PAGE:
Christ and the all sufficiency of His word Henry Morris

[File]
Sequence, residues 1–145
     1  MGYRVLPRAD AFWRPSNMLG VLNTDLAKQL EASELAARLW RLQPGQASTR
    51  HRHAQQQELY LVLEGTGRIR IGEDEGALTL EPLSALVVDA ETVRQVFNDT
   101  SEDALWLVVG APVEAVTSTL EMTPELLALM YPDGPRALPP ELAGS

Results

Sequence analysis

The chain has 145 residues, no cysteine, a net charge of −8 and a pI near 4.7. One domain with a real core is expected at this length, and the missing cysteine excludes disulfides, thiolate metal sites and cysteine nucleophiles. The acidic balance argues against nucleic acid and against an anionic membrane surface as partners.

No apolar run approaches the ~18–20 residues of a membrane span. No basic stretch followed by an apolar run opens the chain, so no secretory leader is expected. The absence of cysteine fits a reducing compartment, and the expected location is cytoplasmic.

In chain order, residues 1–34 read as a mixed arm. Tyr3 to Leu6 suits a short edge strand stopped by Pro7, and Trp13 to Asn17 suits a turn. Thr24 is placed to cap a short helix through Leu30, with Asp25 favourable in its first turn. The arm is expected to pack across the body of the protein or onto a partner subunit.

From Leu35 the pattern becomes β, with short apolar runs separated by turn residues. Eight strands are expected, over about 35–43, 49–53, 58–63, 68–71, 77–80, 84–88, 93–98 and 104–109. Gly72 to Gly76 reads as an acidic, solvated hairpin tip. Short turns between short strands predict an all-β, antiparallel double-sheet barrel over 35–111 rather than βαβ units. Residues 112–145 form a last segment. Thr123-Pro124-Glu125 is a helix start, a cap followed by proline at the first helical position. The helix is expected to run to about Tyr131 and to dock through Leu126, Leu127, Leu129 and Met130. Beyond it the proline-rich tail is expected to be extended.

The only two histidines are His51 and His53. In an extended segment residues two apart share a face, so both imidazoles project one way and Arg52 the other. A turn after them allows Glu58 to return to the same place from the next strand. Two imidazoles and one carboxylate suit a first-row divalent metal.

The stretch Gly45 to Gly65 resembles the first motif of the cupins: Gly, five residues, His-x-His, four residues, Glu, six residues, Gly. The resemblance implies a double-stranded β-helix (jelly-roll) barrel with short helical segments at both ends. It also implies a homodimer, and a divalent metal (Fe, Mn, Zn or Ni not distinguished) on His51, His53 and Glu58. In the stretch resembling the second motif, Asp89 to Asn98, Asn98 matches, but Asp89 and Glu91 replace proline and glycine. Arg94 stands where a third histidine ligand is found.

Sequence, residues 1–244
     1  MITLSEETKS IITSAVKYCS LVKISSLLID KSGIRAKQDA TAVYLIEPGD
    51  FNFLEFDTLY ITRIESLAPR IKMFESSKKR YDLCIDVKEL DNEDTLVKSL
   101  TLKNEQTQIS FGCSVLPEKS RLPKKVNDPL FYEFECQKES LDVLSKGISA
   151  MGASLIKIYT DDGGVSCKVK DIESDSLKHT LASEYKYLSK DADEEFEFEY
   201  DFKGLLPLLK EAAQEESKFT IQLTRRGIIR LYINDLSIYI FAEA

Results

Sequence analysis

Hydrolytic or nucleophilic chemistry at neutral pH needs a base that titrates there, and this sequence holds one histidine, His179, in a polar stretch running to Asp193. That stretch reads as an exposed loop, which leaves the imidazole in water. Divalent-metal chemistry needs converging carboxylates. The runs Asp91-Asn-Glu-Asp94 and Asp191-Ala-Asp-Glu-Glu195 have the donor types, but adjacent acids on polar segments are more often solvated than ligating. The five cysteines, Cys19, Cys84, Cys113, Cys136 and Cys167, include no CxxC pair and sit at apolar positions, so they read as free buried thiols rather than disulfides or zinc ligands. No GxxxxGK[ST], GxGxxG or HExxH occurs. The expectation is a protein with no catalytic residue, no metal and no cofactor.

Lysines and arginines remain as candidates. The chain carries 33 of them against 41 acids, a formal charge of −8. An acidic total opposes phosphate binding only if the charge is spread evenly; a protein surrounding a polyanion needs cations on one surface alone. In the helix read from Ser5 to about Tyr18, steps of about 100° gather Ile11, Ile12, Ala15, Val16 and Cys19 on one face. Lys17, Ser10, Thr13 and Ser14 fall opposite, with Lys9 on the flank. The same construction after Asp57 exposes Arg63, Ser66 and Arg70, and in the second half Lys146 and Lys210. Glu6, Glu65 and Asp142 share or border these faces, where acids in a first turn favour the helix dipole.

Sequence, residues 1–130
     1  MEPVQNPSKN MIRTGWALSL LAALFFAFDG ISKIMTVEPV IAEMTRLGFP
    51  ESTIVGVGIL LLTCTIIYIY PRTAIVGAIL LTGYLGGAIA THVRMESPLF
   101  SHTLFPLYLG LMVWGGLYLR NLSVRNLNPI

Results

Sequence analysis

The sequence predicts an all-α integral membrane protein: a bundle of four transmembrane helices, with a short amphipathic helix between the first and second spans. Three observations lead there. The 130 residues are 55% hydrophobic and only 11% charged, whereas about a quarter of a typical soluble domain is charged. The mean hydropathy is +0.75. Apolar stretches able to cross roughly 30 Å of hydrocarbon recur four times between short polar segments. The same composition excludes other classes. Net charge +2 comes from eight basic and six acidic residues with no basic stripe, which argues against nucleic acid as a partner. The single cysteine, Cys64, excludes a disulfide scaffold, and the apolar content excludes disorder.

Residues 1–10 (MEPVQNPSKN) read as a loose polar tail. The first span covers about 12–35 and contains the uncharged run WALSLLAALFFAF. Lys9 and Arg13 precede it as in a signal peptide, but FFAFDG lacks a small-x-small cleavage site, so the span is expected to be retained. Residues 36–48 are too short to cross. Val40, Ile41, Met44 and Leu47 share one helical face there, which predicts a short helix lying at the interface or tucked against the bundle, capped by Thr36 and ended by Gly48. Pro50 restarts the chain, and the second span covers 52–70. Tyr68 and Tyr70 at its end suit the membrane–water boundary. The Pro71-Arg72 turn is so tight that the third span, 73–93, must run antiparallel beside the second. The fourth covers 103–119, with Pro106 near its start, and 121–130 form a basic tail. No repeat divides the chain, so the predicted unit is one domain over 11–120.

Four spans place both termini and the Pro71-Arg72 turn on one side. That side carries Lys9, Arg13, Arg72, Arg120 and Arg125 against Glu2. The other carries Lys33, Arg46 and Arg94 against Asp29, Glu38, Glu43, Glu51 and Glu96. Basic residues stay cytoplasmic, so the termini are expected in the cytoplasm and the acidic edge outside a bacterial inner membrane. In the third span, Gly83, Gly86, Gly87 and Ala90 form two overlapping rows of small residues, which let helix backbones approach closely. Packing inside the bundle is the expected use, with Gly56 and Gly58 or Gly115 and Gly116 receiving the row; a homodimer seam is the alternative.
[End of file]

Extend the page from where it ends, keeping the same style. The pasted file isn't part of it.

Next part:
If we are going to defend our Christian faith effectively, we must first of all understand exactly what it is. As “Christians,” we must follow Christ. He is our “example,” the “author and finisher of our faith” (1 Pet. 2: 21; Heb. 12: 2). All evangelical Christians, regardless of church denomination, believe in Jesus Christ as the unique Son of God, and have accepted Him as their Savior and Lord. They seek to obey His great commission to all His followers: “Go ye therefore, and teach all nations, baptizing them in the name of the Father, and of the Son, and of the Holy Ghost: Teaching them to observe all things whatsoever I have commanded you: and, lo, I am with you alway, even unto the end of the world, Amen” (Matt. 28: 19–20). Therefore, we ought to teach His “all things” the same way He did. He is our authority for He created and upholds all things (Col. 1: 16: Heb. 1: 3). Among many other truths which He taught, there are two basic doctrines on which all the others depend. One is the absolute verbal inerrancy of Scripture; the other is the special creation of all things by God in the beginning. The problem is that many Christians, who believe that they believe these truths, disagree on what they mean. Therefore, on the assumption that all who really believe on the Lord Jesus Christ will accept His authority as to what He understood to be their meaning, let us look first at what He taught about the Bible and then at what He taught about creation. In the days when He was on earth, He had access only to the Old Testament, of course, but the Gospel records make it clear that He accepted these Scriptures as coming without error from God. He quoted from them often and referred to them even more often, always indicating unequivocally that He accepted their records as true and authoritative. For example, in answering a question about the vital issue of marriage and divorce, He simply quoted from the Genesis account of the first husband and wife, saying: “Have you not read, that he which made them at the beginning made them male and female, and said, For this cause shall a man leave father and mother, And shall cleave to his wife: and they twain shall be one flesh? Wherefore they are no more twain, but one flesh. What therefore God hath joined together, let not man put asunder” (Matt. 19: 4–6). Here the Lord was quoting from Genesis 1: 27 and Genesis 2: 24, the two complementary accounts of the creation of the first man and woman, accepting both accounts as true and compatible, and as establishing the divine pattern for all future marriages. When resisting the three temptations by Satan in the wilderness, He defeated the old deceiver merely by quoting an appropriate verse of Scripture, each from the Book of Deuteronomy (Matt. 4: 4, 7, 10, citing Deut. 8: 3; 6: 16; 10: 20; respectively). “It is written,” He said, and that settled it, even against the greatest enemy of all! Christ undoubtedly accepted the verbal inspiration of the Bible —the words, not just the thoughts. On one occasion, the Jews were about to stone Him because, they said, “Thou makest thyself God.” He then quoted Psalm 82: 6 in His defense against them. “Is it not written in your law, I said, Ye are gods? If he called them gods, unto whom the word of God came, and the scripture cannot be broken; Say ye of him whom the Father hath sanctified, and sent into the world, Thou blasphemest, because I said, I am the Son of God?” (John 10: 33–36). Our purpose here does not require an exposition of these verses, except to note that Christ’s argument depends entirely on the use of one word “gods” in Psalm 82: 6. Christ believed in verbal inspiration! Even more striking is His statement in Matthew 5: 18. “For verily I say unto you, Till heaven and earth pass, one jot or one tittle shall in no wise pass from the law, till all be fulfilled.” The “jot” was the smallest letter of the Hebrew alphabet, and the “tittle” was a small mark used to distinguish between two similarly shaped letters. There could hardly be anywhere a stronger statement of literal inspiration of the Old Testament writings. It was made by the Lord Jesus Christ himself, and surely all true Christians should hold the same high view of biblical authority that He did. As far as the New Testament is concerned, He assured us that His own words would be accurately preserved. “Heaven and earth shall pass away,” He said, “but my words shall not pass away” (Mark 13: 31). Their preservation, as well as the writings of all the New Testament, would be accomplished by His apostles, through the Holy Spirit. “When he, the Spirit of truth, is come, he will guide you into all truth …and he will shew you things to come” (John 16: 13). “He shall teach you all things, and bring all things to your remembrance, whatsoever I have said unto you” (John 14: 26). Then, at the very end of the New Testament, Jesus speaks again, this time from heaven. “For I testify unto every man that heareth the words of the prophecy of this book. If any man shall add unto these things, God shall add unto him the plagues that are written in this book: And if any man shall take away from the words of the book of this prophecy, God shall take away his part out of the book of life, and out of the holy city, and from the things which are written in this book” (Rev. 22: 18–19). Note again the emphasis on “the words of the book,” not just the spiritual concepts. Lest anyone question whether these warnings were actually from Christ, the very next verse settles it: “He which testifieth these things saith, Surely I come quickly. Amen. Even so, come, Lord Jesus” (Rev. 22: 20). There is no doubt, therefore, in view of such statements as we have cited, that the Lord Jesus Christ believed and taught the absolute verbal inerrancy of all the Bible. Therefore, we who believe Him and seek to follow Him must do the same. All of His apostles, as well as His prophets of the Old Testament, did so, and so should we.